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Wednesday, July 17, 2024

Pakistani journalists can challenge its powerful military, argues Indian professor

"Pakistan is not a haven for journalists, but its media can and do challenge its powerful military," opines Ashok Swain.

The National Assembly Standing Committee on Human Rights to take up the issue of press freedom in the country. Chairman Bilawal Bhutto-Zardari said that he has decided to convene a meeting of the committee after recent attacks against journalists. He announced this while talking to reporters after visiting the residence of self-declared journalist Asad Ali Toor, who had been attacked by some unidentified persons last week.

After a controversial speech of Hamid Mir in Islamabad, there has been a discussion about the state of press freedom in Pakistan. Ashok Swain, professor of Peace and Conflict Research at Uppsala University, Sweden, opines that in Pakistan journalists cannot challenge a powerful military.

Notably, Fawad Chaudhry, Minister for Information and Broadcasting, has refused to accept that Pakistan has failed to protect its journalists. The minister maintained that journalists are given protection in the country and they enjoy freedom to express their opinions.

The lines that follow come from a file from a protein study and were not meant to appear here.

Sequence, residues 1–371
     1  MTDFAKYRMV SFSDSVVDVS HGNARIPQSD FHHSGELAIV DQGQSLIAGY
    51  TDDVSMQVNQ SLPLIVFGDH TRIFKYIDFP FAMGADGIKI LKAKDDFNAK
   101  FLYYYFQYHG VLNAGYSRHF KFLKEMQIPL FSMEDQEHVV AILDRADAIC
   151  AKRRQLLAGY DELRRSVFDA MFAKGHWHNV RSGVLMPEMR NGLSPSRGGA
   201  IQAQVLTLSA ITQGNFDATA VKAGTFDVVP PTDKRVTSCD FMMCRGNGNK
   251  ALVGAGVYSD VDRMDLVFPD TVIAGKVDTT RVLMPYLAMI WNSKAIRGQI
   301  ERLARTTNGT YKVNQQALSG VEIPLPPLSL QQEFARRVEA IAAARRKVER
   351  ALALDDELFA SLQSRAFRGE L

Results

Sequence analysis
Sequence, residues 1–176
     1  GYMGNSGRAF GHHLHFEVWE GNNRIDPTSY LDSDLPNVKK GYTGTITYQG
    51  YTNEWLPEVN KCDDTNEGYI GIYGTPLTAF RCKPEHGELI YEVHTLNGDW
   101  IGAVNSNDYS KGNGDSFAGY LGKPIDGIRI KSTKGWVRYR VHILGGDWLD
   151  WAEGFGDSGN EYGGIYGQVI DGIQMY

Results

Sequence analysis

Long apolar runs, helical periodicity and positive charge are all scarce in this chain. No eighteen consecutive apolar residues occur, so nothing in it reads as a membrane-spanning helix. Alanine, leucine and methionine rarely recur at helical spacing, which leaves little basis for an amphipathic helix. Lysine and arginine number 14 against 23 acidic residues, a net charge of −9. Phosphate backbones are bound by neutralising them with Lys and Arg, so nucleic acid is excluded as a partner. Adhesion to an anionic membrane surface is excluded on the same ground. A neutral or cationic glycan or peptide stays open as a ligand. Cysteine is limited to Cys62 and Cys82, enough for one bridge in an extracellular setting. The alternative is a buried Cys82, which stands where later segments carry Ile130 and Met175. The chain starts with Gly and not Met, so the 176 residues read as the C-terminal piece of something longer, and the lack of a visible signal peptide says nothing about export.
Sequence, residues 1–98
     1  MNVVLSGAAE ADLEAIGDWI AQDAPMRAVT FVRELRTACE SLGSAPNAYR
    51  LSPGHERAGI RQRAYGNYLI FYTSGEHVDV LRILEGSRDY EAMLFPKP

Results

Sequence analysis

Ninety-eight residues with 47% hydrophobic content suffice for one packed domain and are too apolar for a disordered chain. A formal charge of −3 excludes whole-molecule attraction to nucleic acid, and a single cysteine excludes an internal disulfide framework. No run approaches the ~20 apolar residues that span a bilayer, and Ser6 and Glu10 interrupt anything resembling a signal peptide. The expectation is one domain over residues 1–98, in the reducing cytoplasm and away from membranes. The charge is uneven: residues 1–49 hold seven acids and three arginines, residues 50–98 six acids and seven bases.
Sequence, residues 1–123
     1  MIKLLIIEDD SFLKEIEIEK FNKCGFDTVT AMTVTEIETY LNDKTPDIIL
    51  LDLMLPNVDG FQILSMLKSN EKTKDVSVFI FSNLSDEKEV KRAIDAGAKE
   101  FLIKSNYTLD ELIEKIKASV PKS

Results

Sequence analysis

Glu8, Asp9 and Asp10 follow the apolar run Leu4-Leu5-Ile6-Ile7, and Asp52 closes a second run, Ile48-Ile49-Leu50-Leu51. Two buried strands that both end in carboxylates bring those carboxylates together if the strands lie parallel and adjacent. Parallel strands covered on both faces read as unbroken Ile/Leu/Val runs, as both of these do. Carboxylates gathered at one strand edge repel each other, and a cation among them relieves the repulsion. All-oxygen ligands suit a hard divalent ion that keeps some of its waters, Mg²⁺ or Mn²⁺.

During an interview with Stephen Sackur for BBC programme “HARDTalk”, which was released on Friday, the minister, who was even termed as “one of the government’s most robust defender”, gave his utmost to negate the impression that journalists are at any more risk in Pakistan than anywhere else in the world.

When asked by Sackur if he agrees that the cornerstone of any democracy is the protection of freedom of expression and independent journalism, Chaudhry quoted Article 19 of the Constitution that guarantees such protection.

When further pressed to respond to incidences occuring “day after day, month after month” that stand in stark contrast to such freedoms, and that the government is not protecting journalists and freedom of speech, the information minister said he will “obviously contest the claim”.

“Pakistan is probably one of the freest state[s] as far as media is concerned. We have about 43 international media channels, including BBC, here in Pakistan, we have 112 private channels, 258 FM channels, and 1,569 print publications.

“So you can imagine the kind of media we have. The size of the media itself defies your claim,” Chaudhry responded by saying.

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While talking about the role of security agencies of Pakistan, the minister made it clear that they do not target any journalists. He said that “Pakistan’s army respects human rights… they are one of the most civilised armies of the world.”